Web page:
The Shinnecock Indian Nation marked five years of federal recognition Thursday with Secretary of the Interior Sally Jewell to kick off a sustainable solar-energy program on the Southampton reservation.

The Obama administration official was on Long Island to help launch a program called the Tribal Solarthon, a $2 million initiative by nonprofit Grid Alternatives to expand renewable energy and job opportunities on Native American lands.

At Shinnecock, the program begins with the installation of rooftop solar at two homes, including that of James H. and Marion Phillips, whose $170 monthly energy bill is expected to be cut more than half by the system. The project also will see a battery backup system installed at the tribe's community center to provide as much as a week of energy if power goes out, as it did after superstorm Sandy in October 2012. The Shinnecock program is expected to expand to as many as 50 of the tribe's 250 reservation homes, and to enlist the help of tribal volunteers who will ultimately bring those skills into the larger green-energy job market.

"Tribal communities around the nation are really on the front lines of climate change," said Jewell, noting the devastation caused by flooding at Shinnecock after Sandy. Self-sustaining power systems fit the need for "more resilience" on tribal lands, she said.

"We need to move to a clean-energy future," Jewell told tribe members. "You are pioneers here at Shinnecock."

Jewell also took note of the "great offshore wind potential" in the waters around Long Island, but noted delays in development and permitting, and the need to address the concerns of tribes, fishing communities and others. "It's not something you do overnight."

Bryan Polite, chairman of the Shinnecock trustees, said the tribe has been working for years to bring renewable energy to the reservation.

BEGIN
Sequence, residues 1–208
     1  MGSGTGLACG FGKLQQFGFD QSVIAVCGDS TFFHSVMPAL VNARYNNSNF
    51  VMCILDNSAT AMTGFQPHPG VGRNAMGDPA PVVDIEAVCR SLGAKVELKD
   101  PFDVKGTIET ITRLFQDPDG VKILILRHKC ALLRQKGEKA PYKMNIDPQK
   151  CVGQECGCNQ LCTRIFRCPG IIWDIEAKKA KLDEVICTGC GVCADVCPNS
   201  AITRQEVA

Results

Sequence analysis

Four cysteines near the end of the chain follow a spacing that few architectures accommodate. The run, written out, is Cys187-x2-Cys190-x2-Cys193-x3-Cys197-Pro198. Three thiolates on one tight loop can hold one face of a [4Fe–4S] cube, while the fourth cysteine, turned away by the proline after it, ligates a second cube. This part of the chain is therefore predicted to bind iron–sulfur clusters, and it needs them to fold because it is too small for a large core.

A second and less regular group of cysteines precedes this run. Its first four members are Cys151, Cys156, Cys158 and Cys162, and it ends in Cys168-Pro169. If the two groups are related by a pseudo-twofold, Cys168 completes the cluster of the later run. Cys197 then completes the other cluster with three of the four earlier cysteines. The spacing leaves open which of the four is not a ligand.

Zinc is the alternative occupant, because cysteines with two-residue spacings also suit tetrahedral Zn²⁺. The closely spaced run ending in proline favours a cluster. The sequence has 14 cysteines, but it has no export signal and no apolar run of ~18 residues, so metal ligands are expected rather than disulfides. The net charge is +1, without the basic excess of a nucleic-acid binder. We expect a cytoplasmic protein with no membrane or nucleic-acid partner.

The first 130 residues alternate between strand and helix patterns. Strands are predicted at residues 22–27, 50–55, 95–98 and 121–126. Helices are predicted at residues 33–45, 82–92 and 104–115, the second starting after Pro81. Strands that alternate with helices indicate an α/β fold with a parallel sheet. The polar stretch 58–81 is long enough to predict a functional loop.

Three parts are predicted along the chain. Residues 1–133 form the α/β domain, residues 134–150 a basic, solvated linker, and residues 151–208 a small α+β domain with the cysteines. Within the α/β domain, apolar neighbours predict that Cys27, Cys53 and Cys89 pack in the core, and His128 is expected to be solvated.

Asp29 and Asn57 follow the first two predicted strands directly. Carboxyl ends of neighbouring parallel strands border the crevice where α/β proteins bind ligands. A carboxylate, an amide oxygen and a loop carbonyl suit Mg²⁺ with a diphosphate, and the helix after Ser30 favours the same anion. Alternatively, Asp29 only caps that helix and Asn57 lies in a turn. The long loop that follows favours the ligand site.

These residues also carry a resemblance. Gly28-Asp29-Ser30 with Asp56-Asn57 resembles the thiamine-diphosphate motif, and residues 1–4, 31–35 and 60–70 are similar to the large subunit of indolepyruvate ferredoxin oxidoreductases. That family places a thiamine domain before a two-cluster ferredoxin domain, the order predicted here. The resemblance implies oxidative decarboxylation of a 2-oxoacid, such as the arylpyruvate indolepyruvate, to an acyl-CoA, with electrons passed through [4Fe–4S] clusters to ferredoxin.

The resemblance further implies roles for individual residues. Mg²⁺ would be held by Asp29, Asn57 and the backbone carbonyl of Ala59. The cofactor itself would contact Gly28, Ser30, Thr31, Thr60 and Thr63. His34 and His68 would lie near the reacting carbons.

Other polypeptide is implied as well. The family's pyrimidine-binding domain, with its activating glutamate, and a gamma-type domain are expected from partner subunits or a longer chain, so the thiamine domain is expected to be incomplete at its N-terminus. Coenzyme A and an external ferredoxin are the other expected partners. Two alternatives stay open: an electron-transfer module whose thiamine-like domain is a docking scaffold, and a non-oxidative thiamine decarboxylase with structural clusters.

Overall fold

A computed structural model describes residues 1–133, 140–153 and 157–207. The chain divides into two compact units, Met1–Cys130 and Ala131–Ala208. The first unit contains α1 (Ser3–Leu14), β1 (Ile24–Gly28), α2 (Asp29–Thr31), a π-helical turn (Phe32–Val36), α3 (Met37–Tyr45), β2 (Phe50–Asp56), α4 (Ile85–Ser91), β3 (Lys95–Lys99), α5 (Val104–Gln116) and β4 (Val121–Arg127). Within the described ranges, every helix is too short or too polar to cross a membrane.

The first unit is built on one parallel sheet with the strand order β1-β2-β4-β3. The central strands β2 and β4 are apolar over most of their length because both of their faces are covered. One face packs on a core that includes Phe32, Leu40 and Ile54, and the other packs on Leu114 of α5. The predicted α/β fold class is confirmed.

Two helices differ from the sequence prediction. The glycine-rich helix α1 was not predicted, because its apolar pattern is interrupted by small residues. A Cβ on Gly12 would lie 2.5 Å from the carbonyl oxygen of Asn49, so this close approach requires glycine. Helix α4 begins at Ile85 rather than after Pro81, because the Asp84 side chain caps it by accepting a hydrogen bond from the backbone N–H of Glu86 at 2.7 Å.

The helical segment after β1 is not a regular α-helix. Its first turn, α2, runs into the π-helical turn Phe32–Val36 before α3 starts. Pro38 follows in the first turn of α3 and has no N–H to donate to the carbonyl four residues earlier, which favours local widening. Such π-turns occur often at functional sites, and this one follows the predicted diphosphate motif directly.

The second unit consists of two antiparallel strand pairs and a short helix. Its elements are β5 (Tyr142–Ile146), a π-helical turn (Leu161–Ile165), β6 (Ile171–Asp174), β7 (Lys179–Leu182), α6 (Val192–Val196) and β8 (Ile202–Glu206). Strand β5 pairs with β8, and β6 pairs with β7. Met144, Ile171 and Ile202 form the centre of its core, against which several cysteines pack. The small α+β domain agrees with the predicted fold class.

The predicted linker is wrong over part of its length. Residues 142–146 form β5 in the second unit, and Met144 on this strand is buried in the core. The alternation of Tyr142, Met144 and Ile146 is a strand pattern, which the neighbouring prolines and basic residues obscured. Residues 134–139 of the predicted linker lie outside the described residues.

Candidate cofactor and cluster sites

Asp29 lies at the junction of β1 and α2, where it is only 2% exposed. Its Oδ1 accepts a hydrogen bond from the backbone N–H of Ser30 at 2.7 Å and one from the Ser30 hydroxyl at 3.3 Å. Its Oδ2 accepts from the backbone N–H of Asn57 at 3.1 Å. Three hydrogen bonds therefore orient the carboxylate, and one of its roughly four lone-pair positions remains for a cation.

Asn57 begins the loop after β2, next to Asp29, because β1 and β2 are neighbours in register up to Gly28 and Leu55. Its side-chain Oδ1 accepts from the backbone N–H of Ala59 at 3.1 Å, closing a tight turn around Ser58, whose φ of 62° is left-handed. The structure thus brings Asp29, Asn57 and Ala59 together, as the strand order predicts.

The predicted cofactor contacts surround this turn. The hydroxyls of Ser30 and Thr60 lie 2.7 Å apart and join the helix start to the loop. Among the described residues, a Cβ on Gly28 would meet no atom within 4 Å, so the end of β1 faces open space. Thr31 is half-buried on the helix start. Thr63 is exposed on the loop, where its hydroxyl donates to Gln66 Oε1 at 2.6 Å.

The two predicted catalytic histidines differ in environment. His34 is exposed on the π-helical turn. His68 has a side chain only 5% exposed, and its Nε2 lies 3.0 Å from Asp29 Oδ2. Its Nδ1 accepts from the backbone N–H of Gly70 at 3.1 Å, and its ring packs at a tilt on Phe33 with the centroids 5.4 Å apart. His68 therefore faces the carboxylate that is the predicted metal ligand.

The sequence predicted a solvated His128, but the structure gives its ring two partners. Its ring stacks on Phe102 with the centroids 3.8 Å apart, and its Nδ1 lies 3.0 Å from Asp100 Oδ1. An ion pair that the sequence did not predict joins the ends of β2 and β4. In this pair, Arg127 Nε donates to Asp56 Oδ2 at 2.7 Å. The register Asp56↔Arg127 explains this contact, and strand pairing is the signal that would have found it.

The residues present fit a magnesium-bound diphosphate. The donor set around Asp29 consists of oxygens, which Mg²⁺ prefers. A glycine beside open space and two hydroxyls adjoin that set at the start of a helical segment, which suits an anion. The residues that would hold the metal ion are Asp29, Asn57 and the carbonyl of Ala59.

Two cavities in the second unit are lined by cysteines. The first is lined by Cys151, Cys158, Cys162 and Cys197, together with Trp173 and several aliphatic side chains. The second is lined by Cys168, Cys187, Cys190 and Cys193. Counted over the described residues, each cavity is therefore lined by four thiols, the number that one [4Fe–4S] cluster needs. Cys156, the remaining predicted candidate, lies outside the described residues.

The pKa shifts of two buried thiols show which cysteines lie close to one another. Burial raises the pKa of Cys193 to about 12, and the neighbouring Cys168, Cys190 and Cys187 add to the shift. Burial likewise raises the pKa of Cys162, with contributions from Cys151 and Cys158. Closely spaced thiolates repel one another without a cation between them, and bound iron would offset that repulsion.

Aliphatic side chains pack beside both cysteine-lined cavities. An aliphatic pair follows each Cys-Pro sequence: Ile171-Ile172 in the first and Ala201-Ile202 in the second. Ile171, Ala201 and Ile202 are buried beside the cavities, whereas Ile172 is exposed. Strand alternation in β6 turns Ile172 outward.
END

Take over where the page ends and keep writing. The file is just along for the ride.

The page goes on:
"It's not only a potential revenue source but a job creator," he said. The tribe has had discussions with partners to propose projects for a PSEG Long Island bidding request for power on the South Fork, but hasn't yet submitted a bid, he said.

"PSEG rates are outrageous and it's really affecting our lives," said Lance Gumbs, who was a trustee when the tribe won federal recognition on Oct. 1, 2010. "Anytime alternative energy can be brought to the nation for homes and government, it's a welcome addition."

Funding to continue the effort to 48 other homes at Shinnecock still needs to raised, and Grid Alternatives is seeking donations.

The federal government has programs for larger-scale renewable power system for tribes, said Kevin K. Washburn, assistant secretary for Indian Affairs, but the programs are not for solar panels on homes. Grid Alternatives has been working with private donors to continue the work.

It will require around $1 million for the Shinnecock project, officials said.Homeowner Marion Phillips said the tribe held a lottery to determine who would be first to receive a free solar-power system, and she didn't expect to win. "We never win anything," she said. She had previously looked into a solar-power system to help reduce her $170 monthly electric bill, but the installer never followed through.

As she watched Jewel work with volunteers to cut rails and ready them for installation on her roof, Phillips said she was thrilled with the notion of a lower energy bill -- a reduction of least $85 a month.

"I can do something with that," she said. "Nothing is free, but sometimes it is."

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